Albania is one of the few places I’ve been where I had to handle my own accommodations in any real sense (missionary perks y’all). While Hostel Propaganda is the only hostel I’ve ever stayed at, from what I hear finding this place is like winning the lottery.
Located in Tirana, the capital city, for an incredible 10 euros a night you get a clean place to stay with sheets changed as often as you like (room with private bathroom costs a bit more), a simple breakfast, quiet hours at 11PM with access to any desired non-quietness right outside, wifi, and a public desktop for the non-techie travelers.
They even have a Wii in the sitting area for all those Wii Sports and Just Dance fans. (Anyone who knows me understands that this alone would have had me hooked on this place…)
Friendly staff with just enough English skills seals the deal on this one for me.
Do note though that with a name like Hostel Propaganda and considering Albania’s past dabblings in communism, decors must follow suit. This is not the place for you if seeing pictures of Hitler, Mussolini, Stalin, and other folks of similar ilk will distress you.
Tirana’s lovely artificial lake is a 10-15 minute walk away, and since it’s basically walking in a straight line, I’m pretty sure you can’t get lost on your way there. Go during the day to enjoy the scenery, or in the evening to enjoy one of the many lakeside bars and nearby clubs.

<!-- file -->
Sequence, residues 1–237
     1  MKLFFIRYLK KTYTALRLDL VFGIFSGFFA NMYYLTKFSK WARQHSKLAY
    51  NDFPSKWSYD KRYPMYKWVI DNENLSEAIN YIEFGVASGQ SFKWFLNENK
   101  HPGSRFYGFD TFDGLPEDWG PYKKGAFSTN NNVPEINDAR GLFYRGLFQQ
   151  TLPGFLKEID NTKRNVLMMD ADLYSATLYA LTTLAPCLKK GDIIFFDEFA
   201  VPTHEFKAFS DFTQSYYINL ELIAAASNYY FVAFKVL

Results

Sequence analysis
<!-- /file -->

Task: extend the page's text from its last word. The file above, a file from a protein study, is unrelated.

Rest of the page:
I didn’t make it to Tirana’s national museum but I heard it’s lovely. It’s also across the street from a green space and other nice center city walking areas.
For food, check out world famous Creperie, which is within walking distance of the hostel. Also within walking distance, though a bit further, is the pizzeria where you will find some of the best pizza you’ll ever have outside of Italy. All throughout Tirana you can find any number of shops that serve Kofta, a type of meatball often served with lettuce, tomatoes, yogurt, and bread. 100 lek ($10) or less at any of these places will get you a satisfying meal and a couple beers to boot.
If you’re really on a budget, you can find burek, a savory dish of stuffed baked pastry dough, almost anywhere for under a lek.
If you’ve got the time and space in your suitcase, check out the markets and outdoor stalls for fun fashion finds. Bartering is welcome.
- Albania gets very hot in the summer. And I mean very hot. Try cooler times like June-mid July and September, or make sure to stay hydrated and protected.
- Be aware of yourself. Unfortunately there are many Roma children whose parents send them out begging on the streets all day, whatever the weather. They are persistent, and you need to pay attention. In order to encourage Roma families to stop this practice, Tirana officials caution against giving these children money. Since this policy has been in place, there have been reductions in the amount of children sent out.
- Albanian currency has just changed. 10 lek is now 1 dollar. Previously 100 lek was a dollar, so double check your purchases if the numbers seems off. I almost got into an argument with a fruit and vegetable vendor because of the misunderstanding.